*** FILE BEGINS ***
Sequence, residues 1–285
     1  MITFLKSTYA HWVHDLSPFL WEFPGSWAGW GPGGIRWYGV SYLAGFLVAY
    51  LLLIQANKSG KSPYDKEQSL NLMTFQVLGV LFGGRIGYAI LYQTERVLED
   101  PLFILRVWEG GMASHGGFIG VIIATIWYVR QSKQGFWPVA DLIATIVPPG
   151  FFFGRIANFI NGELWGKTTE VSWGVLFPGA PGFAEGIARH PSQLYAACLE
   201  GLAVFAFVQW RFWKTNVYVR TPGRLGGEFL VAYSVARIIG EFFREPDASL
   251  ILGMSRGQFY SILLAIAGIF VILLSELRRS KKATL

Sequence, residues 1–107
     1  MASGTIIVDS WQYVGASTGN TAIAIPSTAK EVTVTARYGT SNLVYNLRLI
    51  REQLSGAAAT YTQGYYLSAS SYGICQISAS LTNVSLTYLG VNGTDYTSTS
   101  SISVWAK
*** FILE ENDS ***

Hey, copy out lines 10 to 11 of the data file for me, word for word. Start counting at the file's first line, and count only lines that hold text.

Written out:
    51  REQLSGAAAT YTQGYYLSAS SYGICQISAS LTNVSLTYLG VNGTDYTSTS
   101  SISVWAK